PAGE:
The newly elected members of the Lebanon City Council didn’t have much time to ease their way into their positions Monday as they hit the ground running by approving a more than $1.5 million expansion project for Detroit Tool Metal Products.
The project will significantly increase the size of the company’s current manufacturing and storage facility in the city’s Industrial Park on Auglaize Drive.
The issue has been a source of controversy since it was brought up in 2011. A portion of the funding for the project, about $900,000, will be borrowed from the city’s Electric Reserve fund as a match for a $1 million federal economic development grant. DTMP will kick in $300,000.
The council approved a contract for the project Monday with Rich Kramer Construction of Springfield, which submitted a base bid of $1.5 million. Lebanon City Administrator Chris Heard said the bid came in “considerably lower” than anticipated, and he expects construction to begin in May and be completed late this year.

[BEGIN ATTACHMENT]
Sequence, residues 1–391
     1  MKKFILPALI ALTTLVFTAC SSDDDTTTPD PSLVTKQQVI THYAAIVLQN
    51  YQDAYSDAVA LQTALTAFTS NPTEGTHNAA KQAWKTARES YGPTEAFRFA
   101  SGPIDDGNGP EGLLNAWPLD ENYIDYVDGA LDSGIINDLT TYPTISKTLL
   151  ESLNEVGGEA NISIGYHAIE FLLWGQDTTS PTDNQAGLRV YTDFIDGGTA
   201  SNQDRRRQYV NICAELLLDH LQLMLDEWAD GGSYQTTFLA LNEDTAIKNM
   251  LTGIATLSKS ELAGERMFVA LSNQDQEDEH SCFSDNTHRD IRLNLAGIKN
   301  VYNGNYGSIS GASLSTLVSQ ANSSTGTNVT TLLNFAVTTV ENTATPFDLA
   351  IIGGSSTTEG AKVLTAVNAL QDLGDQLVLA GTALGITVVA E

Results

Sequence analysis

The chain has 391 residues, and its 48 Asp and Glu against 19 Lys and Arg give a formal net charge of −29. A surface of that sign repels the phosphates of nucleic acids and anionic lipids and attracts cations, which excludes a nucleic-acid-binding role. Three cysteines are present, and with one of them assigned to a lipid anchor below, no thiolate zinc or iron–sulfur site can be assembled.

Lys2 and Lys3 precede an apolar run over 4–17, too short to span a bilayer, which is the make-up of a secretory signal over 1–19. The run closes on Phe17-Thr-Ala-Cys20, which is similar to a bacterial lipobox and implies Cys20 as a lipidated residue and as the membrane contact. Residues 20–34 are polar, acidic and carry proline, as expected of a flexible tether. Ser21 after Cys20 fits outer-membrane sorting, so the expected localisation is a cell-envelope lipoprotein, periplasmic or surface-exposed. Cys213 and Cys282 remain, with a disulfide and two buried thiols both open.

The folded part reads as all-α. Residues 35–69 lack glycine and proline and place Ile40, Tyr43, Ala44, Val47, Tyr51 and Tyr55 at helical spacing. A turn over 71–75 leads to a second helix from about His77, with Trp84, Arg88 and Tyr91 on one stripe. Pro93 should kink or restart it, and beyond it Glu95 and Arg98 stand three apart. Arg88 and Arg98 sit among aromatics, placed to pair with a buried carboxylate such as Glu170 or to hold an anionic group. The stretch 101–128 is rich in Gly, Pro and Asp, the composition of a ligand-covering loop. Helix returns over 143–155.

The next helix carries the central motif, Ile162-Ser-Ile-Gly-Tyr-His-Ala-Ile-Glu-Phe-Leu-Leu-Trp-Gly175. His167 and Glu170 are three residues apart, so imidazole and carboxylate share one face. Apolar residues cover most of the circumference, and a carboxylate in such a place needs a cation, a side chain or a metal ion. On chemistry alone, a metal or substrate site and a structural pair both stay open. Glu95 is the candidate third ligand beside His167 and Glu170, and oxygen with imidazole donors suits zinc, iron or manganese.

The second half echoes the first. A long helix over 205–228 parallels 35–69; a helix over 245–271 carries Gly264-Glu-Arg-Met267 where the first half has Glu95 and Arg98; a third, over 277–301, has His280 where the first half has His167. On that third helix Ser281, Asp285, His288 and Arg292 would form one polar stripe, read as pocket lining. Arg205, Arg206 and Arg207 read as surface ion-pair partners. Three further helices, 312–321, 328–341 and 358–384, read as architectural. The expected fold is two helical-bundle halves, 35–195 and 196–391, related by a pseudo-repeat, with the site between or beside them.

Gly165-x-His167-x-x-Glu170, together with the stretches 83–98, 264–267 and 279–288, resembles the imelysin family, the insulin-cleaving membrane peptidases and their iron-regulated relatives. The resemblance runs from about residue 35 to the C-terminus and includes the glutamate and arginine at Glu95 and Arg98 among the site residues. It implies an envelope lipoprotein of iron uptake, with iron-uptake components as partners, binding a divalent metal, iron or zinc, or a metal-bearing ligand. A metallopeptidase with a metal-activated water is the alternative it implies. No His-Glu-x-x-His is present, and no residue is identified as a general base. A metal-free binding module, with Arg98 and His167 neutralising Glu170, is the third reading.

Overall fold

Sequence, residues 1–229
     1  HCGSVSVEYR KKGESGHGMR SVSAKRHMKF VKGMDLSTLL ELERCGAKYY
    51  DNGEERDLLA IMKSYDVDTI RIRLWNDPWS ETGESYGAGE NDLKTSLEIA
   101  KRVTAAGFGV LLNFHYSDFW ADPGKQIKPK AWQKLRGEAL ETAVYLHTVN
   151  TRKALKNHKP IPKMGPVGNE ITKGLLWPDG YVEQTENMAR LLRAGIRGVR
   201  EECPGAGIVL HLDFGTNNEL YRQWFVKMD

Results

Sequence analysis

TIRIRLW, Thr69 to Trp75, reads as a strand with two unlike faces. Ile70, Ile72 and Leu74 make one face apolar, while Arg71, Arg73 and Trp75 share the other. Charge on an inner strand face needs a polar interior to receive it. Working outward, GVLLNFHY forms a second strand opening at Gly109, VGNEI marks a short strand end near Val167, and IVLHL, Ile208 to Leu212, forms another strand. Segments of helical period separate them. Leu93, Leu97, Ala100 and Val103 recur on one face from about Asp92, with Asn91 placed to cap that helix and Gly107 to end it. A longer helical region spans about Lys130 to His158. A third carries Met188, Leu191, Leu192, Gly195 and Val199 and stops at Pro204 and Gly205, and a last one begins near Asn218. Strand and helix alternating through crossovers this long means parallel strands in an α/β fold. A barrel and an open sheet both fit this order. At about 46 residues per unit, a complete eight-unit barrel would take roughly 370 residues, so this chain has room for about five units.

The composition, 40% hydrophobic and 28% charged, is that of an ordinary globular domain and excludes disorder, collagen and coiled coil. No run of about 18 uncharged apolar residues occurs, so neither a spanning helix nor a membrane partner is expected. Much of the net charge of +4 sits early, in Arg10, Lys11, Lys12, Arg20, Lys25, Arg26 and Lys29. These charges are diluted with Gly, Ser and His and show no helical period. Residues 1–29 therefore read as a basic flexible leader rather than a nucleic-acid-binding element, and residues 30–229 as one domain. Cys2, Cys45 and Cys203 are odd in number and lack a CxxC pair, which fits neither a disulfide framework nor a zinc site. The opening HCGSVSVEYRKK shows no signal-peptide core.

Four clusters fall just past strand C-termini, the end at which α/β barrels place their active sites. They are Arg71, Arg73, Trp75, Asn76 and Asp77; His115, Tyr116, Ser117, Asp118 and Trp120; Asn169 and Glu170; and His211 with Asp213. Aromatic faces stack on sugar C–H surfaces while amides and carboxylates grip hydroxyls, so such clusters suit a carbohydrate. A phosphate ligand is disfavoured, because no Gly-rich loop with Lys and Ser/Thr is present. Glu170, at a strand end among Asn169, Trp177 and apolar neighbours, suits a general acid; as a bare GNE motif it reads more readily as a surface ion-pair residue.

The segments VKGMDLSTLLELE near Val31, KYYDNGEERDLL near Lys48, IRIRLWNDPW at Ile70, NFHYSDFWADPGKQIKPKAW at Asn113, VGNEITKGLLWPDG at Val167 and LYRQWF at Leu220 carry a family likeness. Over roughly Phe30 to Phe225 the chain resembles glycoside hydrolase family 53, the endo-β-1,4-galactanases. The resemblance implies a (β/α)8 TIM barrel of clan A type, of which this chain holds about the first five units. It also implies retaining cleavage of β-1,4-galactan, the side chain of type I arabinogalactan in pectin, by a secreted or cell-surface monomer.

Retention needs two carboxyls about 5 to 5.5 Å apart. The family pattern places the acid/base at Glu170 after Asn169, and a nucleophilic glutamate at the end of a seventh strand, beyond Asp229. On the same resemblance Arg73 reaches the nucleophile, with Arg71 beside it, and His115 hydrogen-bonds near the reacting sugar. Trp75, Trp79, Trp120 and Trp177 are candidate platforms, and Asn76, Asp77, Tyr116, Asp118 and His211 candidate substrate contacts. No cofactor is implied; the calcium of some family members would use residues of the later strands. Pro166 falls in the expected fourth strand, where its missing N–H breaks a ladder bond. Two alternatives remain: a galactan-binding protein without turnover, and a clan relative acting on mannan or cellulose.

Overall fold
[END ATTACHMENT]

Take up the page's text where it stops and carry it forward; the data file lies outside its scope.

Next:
Members of council who had voted against the project in the past because the funds were coming from the city’s Electric Reserve Fund said they still might not like where the matching grant funds were coming from, but they felt it was a positive project for Lebanon.
“I voted against it because of where the money was coming from,” Ward 3 Councilman Dennis Elmore said. “However, I know that it is a good project. I think a couple of councils ago, the city committed to this, and we are obligated to it. We want to show that we are stable and do what we say we are going to do. With that being said, I will support this project. I just want to clarify that in the past, I was against this because of where the money was coming from. I am not against the project whatsoever.”
Elmore’s fellow Ward 3 representative, Councilman Brian Anthony, echoed Elmore’s feelings.
“I second that,” he said. “I voted no on where they money came from, but it is an important project. I would, however, urge the council that from now on, anything brought from the Electric Reserve be considered very highly. I have asked for a 2 1/2 percent decrease in electric rates several times, which would be about $570,000, $600,000, and have been told no because this money is for emergencies and disasters, but yet we get into it as soon as we can for projects.”
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